Wednesday, August 17th | 20 Av 5782

Subscribe
July 27, 2022 11:05 am
0

‘From the River to the Sea’ and Beyond: 5 Trending ‘Palestinian Chants’ and Their Unreported Incitement to Genocide

avatar by Akiva Van Koningsveld

Opinion

People hold Hamas flags as Palestinians gather after performing the last Friday of Ramadan to protest over the possible eviction of several Palestinian families from homes on land claimed by Jewish settlers in the Sheikh Jarrah neighbourhood, in Jerusalem’s Old City, May 7, 2021. REUTERS/Ammar Awad

Recently, media outlets have accused Israel of curtailing freedom of speech by banning pro-Palestinian chants in Jerusalem. However, rather than quoting the actual chants, journalists simply referred to these slogans as “Palestinian chants,” “anti-Israeli slogans,” or even “anti-colonial chants.”

Hence, HonestReporting has compiled and translated a list of oft-heard Palestinian slogans, many of which have been co-opted by anti-Israel campaigners in the West:

1. “From the Water to the Water, Palestine Is Arab”

The anti-Israel movement’s favorite slogan, “From the river to the sea, Palestine [sic] will be free,” is well known to Western audiences. However, according to some sources, “Min el-maiyeh lel mayieh, Falasteen Arabiya” preceded the English-language catchphrase.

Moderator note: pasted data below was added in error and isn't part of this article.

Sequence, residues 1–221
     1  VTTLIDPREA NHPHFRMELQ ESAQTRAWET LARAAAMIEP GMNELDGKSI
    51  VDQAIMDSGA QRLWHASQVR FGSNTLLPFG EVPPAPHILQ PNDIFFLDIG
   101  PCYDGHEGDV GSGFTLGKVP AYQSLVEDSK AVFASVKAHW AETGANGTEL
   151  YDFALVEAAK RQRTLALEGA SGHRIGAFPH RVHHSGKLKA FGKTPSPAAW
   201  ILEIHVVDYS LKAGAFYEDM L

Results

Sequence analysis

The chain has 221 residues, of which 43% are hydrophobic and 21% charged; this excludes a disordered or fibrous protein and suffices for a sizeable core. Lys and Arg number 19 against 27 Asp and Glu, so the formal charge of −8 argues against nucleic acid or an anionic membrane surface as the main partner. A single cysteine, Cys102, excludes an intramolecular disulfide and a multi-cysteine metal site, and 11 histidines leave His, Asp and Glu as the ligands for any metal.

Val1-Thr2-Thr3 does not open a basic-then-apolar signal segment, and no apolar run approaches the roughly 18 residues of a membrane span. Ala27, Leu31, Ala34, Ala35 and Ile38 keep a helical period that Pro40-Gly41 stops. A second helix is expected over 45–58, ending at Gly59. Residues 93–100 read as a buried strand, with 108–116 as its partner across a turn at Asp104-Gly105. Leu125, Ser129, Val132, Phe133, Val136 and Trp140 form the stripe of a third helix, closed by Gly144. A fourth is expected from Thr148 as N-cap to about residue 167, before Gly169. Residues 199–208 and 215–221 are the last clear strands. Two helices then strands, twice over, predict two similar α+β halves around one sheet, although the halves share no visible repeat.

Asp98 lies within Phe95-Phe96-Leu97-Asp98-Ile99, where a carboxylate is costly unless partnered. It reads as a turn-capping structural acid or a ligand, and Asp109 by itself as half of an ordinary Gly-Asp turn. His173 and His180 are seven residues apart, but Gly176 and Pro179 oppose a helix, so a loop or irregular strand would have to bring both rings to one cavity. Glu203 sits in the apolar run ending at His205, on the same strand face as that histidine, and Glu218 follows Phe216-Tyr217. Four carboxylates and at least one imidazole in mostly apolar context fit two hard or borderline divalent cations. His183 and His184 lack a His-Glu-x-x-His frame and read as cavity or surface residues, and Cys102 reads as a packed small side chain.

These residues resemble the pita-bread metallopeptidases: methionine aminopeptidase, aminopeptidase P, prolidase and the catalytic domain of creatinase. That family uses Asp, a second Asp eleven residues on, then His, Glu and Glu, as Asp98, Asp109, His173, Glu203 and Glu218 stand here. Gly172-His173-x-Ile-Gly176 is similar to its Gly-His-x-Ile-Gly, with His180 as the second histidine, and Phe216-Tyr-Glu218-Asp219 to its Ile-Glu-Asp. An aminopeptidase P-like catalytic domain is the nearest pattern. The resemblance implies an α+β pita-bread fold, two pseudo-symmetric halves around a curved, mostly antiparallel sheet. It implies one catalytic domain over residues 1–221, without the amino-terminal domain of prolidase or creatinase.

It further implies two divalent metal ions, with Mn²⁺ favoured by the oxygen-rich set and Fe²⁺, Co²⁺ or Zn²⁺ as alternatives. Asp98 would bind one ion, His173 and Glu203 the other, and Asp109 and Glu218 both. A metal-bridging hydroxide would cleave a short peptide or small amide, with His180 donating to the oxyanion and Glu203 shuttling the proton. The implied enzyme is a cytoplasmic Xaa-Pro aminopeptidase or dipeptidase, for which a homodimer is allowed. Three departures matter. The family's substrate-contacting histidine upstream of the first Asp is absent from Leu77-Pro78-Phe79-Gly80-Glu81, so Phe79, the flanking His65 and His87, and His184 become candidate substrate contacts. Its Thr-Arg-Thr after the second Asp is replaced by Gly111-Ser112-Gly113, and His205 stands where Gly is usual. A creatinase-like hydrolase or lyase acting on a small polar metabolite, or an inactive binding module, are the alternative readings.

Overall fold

In any case, both slogans amount to a call to arms for Palestinians to take over all of Israel, from the Jordan River to the Mediterranean Sea, as HonestReporting has repeatedly outlined.

The chants echo comments by leaders of the US-designated Palestinian terrorist organization Hamas, which is committed to the Jewish state’s destruction: “Palestine is ours, from the river to the sea and from the south to the north.”

These slogans have spread far beyond the Gaza Strip, Ramallah, and the Middle East. Supermodel Bella Hadid shared the chant “From the river to the sea, Palestine will be free” with her massive online following during a 2021 anti-Israel march in New York. Notably, Hadid lashed out at the Jewish state exactly when the Israel Defense Forces were fighting to neutralize terrorists who were launching thousands of rockets at civilian population centers.